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Day 71: Nail it before you scale it.

You need to obtain data on how realistic and profitable/successful something is before you scale it. Your understanding of what you could do in a certain realm is unreliable. Instead, make a small first step that you are almost guaranteed to make and then continuously increase the bar.

This is a phrase from the Investor’s Podcast that I heard yesterday.

This principle is used in Facebook ads. A bunch of tests are launched because, at this point, I don’t know what actually works. Then, depending on how well a certain ad performs, it’s either scaled or downgraded.

This principle is beneficial in all aspects of life.

With habits, Jeremiah said, “Me today is me tomorrow”. You today is you tomorrow. Meaning the difference between me and my habits today and tomorrow is almost zero unless I am intentionally introducing incremental changes. What I am able to do today is almost the same as what I am able to do tomorrow.

It is a little bit of a paradox.

Today I am who I am.

For tomorrow, I have the vision of who I want to be. Tomorrow becomes today before I know it and I face the reality of being “who I am” again.

So in order to give the “grand vision” a chance, I need to start with something achievable.

So instead of setting the goal of running 5k every day, I set a very achievable guaranteed goal of 1k per day. Then, if it works, I can scale it up a little bit to 1.3k. Nail it before you scale it. I have to master the 1k, meaning be able to consistently run it for couple days to then scale into bigger distances.

I can achieve any goal almost, but not tomorrow. Incrementally, where each small increment is compounded into the ”grand vision”. The growth in this case can be almost infinite, until you reach the carrying capacity of that project/endeavour/physical limitations.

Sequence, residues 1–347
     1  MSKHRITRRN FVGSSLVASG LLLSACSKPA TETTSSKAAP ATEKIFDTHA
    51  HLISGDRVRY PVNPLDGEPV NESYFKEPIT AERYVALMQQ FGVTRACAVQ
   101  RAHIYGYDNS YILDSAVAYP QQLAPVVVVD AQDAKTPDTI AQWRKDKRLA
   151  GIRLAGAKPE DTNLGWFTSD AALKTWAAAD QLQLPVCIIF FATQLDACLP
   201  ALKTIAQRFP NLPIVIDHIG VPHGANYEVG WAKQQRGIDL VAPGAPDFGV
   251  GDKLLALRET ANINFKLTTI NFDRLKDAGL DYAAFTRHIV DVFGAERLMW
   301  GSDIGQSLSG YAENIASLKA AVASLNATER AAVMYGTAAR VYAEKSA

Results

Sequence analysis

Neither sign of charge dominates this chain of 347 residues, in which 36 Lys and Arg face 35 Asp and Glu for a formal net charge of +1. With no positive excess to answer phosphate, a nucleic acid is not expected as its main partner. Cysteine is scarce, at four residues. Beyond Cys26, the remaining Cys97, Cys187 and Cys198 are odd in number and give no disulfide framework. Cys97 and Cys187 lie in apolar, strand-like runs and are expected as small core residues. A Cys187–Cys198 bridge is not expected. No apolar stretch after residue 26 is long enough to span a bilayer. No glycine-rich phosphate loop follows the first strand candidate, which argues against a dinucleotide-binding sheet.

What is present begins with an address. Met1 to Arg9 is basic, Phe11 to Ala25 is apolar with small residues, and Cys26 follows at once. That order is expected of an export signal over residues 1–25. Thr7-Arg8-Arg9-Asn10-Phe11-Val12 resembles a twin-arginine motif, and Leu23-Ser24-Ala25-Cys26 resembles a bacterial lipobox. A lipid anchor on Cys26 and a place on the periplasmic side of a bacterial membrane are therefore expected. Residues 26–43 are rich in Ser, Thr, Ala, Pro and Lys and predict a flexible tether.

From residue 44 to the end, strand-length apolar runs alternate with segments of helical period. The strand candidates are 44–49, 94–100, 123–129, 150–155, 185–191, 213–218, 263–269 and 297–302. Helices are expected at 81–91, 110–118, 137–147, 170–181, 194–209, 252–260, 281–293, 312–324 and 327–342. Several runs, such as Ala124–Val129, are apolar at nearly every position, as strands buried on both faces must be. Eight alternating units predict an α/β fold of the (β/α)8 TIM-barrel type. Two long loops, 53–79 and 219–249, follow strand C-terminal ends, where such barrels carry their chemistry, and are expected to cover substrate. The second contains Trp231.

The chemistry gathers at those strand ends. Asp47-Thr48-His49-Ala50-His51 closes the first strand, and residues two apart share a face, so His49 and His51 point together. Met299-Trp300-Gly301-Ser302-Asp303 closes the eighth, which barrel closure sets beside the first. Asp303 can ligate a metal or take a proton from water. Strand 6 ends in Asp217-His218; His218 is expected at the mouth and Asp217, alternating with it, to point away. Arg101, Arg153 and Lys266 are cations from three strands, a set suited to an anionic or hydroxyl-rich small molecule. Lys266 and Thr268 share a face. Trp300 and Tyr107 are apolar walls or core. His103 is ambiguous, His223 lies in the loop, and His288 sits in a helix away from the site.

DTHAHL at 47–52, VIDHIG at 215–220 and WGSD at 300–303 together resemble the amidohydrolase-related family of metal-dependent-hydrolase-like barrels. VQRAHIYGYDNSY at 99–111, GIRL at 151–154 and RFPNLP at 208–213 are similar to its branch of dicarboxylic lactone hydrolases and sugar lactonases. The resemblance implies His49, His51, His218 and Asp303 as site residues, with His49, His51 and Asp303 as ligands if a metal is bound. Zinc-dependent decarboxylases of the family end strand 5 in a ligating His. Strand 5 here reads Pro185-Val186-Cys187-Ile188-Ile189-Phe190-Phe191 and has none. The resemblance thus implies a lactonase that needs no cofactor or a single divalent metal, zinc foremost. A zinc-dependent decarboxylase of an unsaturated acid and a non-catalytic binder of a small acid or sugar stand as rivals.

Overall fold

Jeremiah: “Big goals for the long-term. Short goals for incremental progress”

Short-term goals are what we actually operate with on a daily basis. Big goals are more like overall direction of where we want to compound to.

Seems like, small incremental 1% changes are the most reliable way to ensure progress towards certain goals/habits. I assume there are blitzscaling shortcut ways of getting some things done but to a larger extent this principle will definitely be true in some areas of life.

Lastly, this is an image called “Strongest motivator in the world”. It doesn’t relate to scaling that much, more to the idea of incremental changes producing a compound effect. Most often, if we are at 0.99, we are greedy and want to have five right away. Small incremental percentage changes from 0.99 to 1.01 will get us there eventually, even though the initial differences are minimal.

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